'The difference is not in the warhead'

Yuval Steinitz talks to the 'Post' about the 'arrow'.

By
February 15, 2007 21:52
4 minute read.
'The difference is not in the warhead'

Steinitz at post 298.88. (photo credit: Ariel Jerozolimski )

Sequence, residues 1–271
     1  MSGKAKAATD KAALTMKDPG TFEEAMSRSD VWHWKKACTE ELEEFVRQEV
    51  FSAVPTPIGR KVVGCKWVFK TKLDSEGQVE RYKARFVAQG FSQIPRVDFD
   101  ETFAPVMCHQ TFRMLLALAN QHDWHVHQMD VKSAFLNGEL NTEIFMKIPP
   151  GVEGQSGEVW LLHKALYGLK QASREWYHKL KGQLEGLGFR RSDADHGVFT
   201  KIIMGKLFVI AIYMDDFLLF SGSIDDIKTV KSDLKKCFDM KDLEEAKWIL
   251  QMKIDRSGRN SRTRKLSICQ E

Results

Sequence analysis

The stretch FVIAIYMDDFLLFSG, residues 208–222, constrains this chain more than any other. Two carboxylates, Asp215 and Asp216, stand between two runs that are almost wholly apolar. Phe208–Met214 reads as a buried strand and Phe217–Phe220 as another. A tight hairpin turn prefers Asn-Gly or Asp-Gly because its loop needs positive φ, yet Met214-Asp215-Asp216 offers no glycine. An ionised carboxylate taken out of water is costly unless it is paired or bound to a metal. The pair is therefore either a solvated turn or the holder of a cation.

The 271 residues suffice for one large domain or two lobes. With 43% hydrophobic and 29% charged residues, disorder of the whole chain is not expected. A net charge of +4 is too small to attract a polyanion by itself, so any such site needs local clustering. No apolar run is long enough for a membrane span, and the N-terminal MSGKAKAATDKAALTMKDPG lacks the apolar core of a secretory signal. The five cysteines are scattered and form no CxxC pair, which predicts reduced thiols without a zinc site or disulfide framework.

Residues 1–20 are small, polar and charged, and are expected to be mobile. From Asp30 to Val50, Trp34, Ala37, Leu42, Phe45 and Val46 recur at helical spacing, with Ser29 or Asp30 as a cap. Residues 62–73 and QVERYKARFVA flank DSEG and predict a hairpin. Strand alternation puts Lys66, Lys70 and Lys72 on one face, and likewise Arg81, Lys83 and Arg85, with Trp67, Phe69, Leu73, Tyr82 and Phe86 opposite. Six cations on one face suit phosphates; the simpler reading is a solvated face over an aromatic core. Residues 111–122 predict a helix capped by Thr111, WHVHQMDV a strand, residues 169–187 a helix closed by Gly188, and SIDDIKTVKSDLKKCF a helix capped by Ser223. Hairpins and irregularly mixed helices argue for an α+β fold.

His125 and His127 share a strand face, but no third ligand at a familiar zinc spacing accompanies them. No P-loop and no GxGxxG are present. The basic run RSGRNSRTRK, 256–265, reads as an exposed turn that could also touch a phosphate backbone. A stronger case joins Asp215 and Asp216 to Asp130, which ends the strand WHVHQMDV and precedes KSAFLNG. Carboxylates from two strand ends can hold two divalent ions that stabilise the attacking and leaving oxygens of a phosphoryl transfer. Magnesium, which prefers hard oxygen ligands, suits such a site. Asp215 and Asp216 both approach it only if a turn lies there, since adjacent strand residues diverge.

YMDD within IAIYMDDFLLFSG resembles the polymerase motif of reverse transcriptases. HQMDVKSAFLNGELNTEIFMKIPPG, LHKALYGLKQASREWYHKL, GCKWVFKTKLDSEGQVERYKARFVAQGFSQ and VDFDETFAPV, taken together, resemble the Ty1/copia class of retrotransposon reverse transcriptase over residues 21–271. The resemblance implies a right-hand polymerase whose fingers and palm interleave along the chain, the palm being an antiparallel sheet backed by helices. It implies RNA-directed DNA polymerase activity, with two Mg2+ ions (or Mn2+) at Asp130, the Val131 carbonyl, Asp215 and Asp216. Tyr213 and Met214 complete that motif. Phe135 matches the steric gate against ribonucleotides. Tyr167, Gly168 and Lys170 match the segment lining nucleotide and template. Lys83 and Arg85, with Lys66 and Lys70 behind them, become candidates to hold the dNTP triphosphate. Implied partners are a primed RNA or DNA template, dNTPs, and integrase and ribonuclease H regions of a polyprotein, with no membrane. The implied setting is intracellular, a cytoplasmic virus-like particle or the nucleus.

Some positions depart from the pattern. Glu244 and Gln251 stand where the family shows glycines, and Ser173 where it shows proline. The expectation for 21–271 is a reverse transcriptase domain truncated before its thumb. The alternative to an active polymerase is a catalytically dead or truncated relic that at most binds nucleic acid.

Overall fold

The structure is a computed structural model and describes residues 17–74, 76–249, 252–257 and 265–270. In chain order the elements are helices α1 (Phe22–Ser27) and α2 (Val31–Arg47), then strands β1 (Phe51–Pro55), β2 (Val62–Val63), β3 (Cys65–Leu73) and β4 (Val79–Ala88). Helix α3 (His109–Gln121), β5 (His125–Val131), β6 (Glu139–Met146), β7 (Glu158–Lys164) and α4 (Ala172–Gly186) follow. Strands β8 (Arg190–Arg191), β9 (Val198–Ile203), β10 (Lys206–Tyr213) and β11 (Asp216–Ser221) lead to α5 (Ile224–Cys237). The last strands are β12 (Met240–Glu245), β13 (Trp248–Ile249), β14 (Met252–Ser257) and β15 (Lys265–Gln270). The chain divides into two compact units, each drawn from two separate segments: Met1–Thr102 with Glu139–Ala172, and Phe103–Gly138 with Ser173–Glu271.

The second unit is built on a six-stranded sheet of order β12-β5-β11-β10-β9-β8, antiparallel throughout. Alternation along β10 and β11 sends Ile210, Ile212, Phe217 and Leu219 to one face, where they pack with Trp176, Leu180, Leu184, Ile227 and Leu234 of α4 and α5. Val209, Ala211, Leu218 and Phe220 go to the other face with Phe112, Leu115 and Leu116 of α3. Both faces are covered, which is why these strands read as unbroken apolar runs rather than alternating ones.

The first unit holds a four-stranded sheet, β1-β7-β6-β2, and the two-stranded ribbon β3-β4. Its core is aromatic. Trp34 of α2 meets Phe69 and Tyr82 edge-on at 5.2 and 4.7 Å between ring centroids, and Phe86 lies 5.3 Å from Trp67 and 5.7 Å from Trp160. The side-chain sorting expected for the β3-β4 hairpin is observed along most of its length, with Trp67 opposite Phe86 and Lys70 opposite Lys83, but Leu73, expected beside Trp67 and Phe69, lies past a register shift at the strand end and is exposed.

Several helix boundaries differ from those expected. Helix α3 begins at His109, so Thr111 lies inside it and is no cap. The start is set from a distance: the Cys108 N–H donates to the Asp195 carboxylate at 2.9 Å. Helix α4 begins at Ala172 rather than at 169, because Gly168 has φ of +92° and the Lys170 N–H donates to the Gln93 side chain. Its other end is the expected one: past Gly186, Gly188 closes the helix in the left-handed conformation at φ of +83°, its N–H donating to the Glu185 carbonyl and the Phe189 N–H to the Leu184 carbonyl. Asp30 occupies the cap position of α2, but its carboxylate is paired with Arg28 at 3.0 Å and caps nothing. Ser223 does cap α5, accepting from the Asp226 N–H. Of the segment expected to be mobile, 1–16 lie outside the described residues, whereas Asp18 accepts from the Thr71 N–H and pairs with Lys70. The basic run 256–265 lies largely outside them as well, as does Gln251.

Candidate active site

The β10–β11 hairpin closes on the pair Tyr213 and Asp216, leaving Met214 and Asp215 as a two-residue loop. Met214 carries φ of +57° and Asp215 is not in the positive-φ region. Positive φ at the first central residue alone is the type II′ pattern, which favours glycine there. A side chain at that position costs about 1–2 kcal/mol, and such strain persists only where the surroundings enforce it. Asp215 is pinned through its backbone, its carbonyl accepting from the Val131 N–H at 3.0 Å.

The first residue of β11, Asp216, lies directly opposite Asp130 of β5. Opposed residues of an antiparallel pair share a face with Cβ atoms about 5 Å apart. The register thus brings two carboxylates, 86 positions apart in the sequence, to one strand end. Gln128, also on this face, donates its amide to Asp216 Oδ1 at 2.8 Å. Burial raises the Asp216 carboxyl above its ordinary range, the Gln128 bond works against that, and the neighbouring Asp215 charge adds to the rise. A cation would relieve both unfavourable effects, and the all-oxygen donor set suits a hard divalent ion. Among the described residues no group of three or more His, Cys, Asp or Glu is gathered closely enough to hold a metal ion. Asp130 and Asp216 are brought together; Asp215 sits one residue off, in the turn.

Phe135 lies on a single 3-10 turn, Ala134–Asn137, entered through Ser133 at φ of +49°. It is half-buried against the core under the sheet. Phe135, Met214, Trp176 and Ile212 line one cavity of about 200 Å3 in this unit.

When MK Yuval Steinitz was head of the Knesset's Foreign Affairs and Defense Committee, he was credited with turning it into one of the most serious and influential bodies in the Knesset. With the Likud's defeat in the last year's elections, his role was downsized to a member of the committee, but his interest in national security remains high. Steinitz discussed with The Jerusalem Post this week the recent test of the Arrow missile defense system and its implications. How do you gauge the success of the Arrow test earlier this week? This was the fifth or sixth test that I have participated in, and this time I was really overwhelmed by the success. In the beginning, two years ago, I was quite skeptical about whether or not this system could really work. This test was really the first time that I became convinced that the Arrow missile defense could intercept Iranian missiles. Originally it was developed to intercept missiles from Iraq; those missiles had a reach of about 600 kilometers. At that time, it was totally unclear that the Arrow system would be able to intercept longer range missiles. This new system is completely different. What about intercepting nuclear weapons? The great difference is not in the warhead. Unfortunately, on TV everyone was saying that the Arrow could stop nuclear weapons. But you don't intercept the bomb, you intercept the missiles. The cargo doesn't matter. It's like intercepting a Boeing 747 airplane. It doesn't matter if there is cargo inside or passengers. You are intercepting the airplane. This notion that now the Arrow can intercept nuclear missiles is wrong because the issue is not to intercept the bomb, but to intercept the missile with the bomb. Much of the data is secret. But the real issue is the projectile. A Scud missile has a short trajectory. The problem with the Shihab missiles is that they have much longer ranges, go higher and fall back down to Earth with greater velocity. Some say they have a range of 2000 or 2500 km. Missiles that are coming from 2000 km will go much higher - to outer space. When coming back into the atmosphere, they can have double the velocity. In last Sunday's test, the Arrow proved to be extremely efficient against such missiles, those that are coming at a much higher velocity. What about nuclear fallout? It was disclosed in some initial tests that it is safe as long as warheads are detonated above a certain height at which, even if you have a nuclear explosion, even if hits the missiles, there will be no fallout. If you hit a primitive nuclear bomb, you might get a nuclear explosion, but it's very improbable. A nuclear device is ultra-sophisticated. If you hit it from outside, all the nuclear material would have to collide at the same time in order to have a critical mass. Even if this does happen, if it is above the necessary height there will be no effect. If the Iranians shoot Shihab-3 missiles, the interception will happen far from Israel's borders, possibly still in Syria. What was important to prove this time was the ability to intercept at higher velocities and in difficult conditions. The intention is always total destruction. But this time it was more convincing than ever. The other thing I want to mention, which I am proud of, is where the money for the Arrow 2, which was created by Israel Aircraft Industries and Boeing, came from. Three years ago, I spoke to my friends in Washington and convinced them to add $120 million for the development of the Arrow 2. During the most recent test, there were some Americans there from the Pentagon and from Boeing. It was clear to them, too, that now, at this point in the game, Israel is clearly leading the world in missile defense. We possess here technology that no other power, not even the United States, has. This is really amazing. Are we dependent on American intelligence in order to use the Arrow missile defense system? It is always better to have intelligence. The test system is based on radars. But we are not dependent on America. What is going on is that because America has satellites, their system can give us earlier warning. Because of the curvature of the Earth, our radars can detect enough to give us several minutes of warning. The American satellites can add another period of warning time. It is clear now that the Arrow will be able to intercept any of the current missiles, including the next generations of Shihab missiles. Even if the Iranians are able to produce the next generation, we will be prepared. We can be very proud of the Arrow, but against nuclear weapons it is not enough. Because if the Iranians have nuclear weapons, they will have many. Even if you can intercept 95 percent, one or two would hit Israel and the damage would be severe. In the beginning, Iran might have only a few weapons, and we can defend against those. They know that their chances of getting through are very slim. But in five or 10 years, they can produce many many missiles, and then it is very dangerous. A full interview with Steinitz will appear in Tuesday's Jerusalem Post.


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